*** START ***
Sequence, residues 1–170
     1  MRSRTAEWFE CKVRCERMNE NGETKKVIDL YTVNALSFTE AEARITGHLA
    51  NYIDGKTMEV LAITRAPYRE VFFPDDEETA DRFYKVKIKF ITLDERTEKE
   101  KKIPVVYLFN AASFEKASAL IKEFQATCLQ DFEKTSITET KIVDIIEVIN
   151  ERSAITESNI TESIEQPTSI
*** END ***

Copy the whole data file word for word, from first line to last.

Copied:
Sequence, residues 1–170
     1  MRSRTAEWFE CKVRCERMNE NGETKKVIDL YTVNALSFTE AEARITGHLA
    51  NYIDGKTMEV LAITRAPYRE VFFPDDEETA DRFYKVKIKF ITLDERTEKE
   101  KKIPVVYLFN AASFEKASAL IKEFQATCLQ DFEKTSITET KIVDIIEVIN
   151  ERSAITESNI TESIEQPTSI